What is the most sustainable table? No table at all, of course. And while we love our customers, we don't want to see them back every five years for a new table. In our minds, this is true sustainability. For this reason, we went to the ends of the earth to find the best woods for our collection. Learn about the journey of our woods, from tree to table.
From tree to table
What is a Class I Hardwood?
The natural durability of wood is categorized in five classes, ranging from I (high durability) to V (low durability). We only use species that meet the requirements of durability Class I. This means that, when exposed to normal outdoor conditions, they last for at least 25 years! In principle, only tropical hardwoods such as Iroko and Jatoba fall into this category, but the thermal treatment process undergone by our Hellwood upgrades it to durability Class I.
Wood Species: Ash
PEFC Certified: Yes
Extremis Hellwood is wood that has been through hell and has come back stronger and ready to tackle all kinds of ordeals: UV rays, rain and acid rain, fluctuating humidity levels, frost, extreme heat and so on. This wood is baked in an oven at temperatures up to 200 degrees Celsius for 2 days. This preservation technique gives the fibers greater internal stability and increases their resistance to decay. It changes the molecular structure of the wood, taking it from a class III to durability class I hardwood just like the very best tropical woods. An attractive side effect of the process is, of course, the wood’s dark color.
Wood Species: Iroko
Origin: West Africa
FSC Certified: Yes: Gargantua & Abachus
Our permanent attention to human rights and sustainable forest management limits our choice of materials. This yellow to medium brown tropical hardwood offers high stability in the radial direction and has just the properties we are looking for. With regard to aesthetics and physical properties, Iroko most resembles the better known teak, whose origin is often dubious given the high demand.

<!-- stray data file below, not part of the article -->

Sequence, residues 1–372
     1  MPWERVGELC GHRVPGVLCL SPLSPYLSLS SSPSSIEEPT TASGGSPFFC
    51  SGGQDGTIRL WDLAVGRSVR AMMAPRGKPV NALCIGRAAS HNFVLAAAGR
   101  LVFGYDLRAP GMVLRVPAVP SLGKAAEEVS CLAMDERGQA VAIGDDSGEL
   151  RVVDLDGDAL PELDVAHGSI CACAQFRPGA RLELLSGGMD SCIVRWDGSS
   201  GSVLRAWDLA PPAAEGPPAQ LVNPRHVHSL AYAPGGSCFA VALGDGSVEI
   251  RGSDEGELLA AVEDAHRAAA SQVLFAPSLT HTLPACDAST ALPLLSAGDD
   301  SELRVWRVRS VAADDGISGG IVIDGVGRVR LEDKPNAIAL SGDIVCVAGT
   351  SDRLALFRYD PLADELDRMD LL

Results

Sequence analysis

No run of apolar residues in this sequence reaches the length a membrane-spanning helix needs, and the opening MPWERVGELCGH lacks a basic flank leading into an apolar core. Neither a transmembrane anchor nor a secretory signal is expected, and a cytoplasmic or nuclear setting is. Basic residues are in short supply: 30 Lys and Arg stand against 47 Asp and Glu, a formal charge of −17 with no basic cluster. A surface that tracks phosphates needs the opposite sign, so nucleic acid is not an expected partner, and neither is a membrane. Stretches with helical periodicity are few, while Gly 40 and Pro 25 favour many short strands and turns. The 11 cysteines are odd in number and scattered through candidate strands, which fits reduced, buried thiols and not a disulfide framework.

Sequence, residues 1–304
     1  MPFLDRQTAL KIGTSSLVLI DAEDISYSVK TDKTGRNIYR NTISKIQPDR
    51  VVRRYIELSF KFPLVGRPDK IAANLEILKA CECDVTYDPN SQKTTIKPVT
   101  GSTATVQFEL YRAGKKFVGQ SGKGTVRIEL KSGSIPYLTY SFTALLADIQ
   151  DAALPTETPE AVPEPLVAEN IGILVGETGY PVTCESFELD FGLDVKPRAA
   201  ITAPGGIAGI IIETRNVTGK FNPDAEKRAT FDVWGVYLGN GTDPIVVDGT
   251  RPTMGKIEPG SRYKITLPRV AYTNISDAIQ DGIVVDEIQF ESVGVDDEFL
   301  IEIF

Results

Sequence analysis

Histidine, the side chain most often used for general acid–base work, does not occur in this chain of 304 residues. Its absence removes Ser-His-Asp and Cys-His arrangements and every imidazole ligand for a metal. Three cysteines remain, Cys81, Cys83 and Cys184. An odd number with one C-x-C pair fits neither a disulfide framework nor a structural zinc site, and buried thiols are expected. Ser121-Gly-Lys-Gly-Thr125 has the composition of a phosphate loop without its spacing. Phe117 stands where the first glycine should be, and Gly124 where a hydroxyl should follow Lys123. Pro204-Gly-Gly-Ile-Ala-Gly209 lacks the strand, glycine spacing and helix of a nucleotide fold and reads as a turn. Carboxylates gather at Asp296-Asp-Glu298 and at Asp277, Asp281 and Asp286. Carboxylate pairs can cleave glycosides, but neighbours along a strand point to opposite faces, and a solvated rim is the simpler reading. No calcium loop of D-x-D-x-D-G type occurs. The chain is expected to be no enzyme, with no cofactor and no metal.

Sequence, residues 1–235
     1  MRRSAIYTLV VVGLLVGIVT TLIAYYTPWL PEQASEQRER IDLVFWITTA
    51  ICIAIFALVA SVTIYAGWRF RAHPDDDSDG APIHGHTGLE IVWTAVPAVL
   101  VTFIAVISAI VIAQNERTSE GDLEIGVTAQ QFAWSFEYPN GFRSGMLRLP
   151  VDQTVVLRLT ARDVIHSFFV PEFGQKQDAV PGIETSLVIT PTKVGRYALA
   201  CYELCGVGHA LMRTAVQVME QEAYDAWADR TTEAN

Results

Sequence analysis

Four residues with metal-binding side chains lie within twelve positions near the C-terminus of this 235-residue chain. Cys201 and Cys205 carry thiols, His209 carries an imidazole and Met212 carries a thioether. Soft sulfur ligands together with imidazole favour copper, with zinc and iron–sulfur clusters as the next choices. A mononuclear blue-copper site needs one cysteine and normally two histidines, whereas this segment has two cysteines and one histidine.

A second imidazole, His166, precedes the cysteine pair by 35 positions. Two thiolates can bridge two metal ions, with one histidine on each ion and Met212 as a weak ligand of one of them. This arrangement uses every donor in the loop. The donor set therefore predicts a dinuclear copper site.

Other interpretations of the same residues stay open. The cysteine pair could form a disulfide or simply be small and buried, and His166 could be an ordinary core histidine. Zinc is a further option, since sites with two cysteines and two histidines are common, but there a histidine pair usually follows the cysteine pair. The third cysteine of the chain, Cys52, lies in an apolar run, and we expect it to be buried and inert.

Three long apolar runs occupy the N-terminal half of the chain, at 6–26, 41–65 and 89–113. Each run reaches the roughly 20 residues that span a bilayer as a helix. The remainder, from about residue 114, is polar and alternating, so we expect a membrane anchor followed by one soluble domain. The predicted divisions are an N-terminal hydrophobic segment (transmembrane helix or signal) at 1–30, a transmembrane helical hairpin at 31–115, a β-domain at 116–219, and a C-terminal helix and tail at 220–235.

Wood Species: Jatoba
Origin: South & Central America
FSC Certified: Yes
For the entire Extempore range and the Romeo & Juliet bench we have opted for the warm reddish-brown Jatoba. This tropical hardwood is FSC-certified. It offers superior, vertical strength and stability.
All wood contains tannins: yellow, brown or reddish organic compounds that are part of the wood tissue. On initial contact with rain these pigments can bleed out of the wood for a period of time (depending on how much and how often it rains). The compounds are completely natural and water-soluble and will disappear from any surface after a little time and exposure to the elements, such as rain and sun. Don’t fret, let it set.
The wood type is customized for every design in the Extremis collection, with a view to low to no-waste production processes. Tables that beg for greater vertical strength are made from Jatoba, strong horizontal planks call for Iroko. But, in an effort to create furniture that lasts, the baseline for every design is its Class I – II durability.
We seek to reduce our carbon footprint by using solar energy exclusively to produce the electricity for our manufacturing process, and we fight deforestation by offering the option of FSC-certified wood on some of our collections. A growing market for FSC-certified wood means that more of the world’s forests will be protected and that responsible forestry will become the universal gold standard, thereby benefiting local communities and preventing reckless deforestation.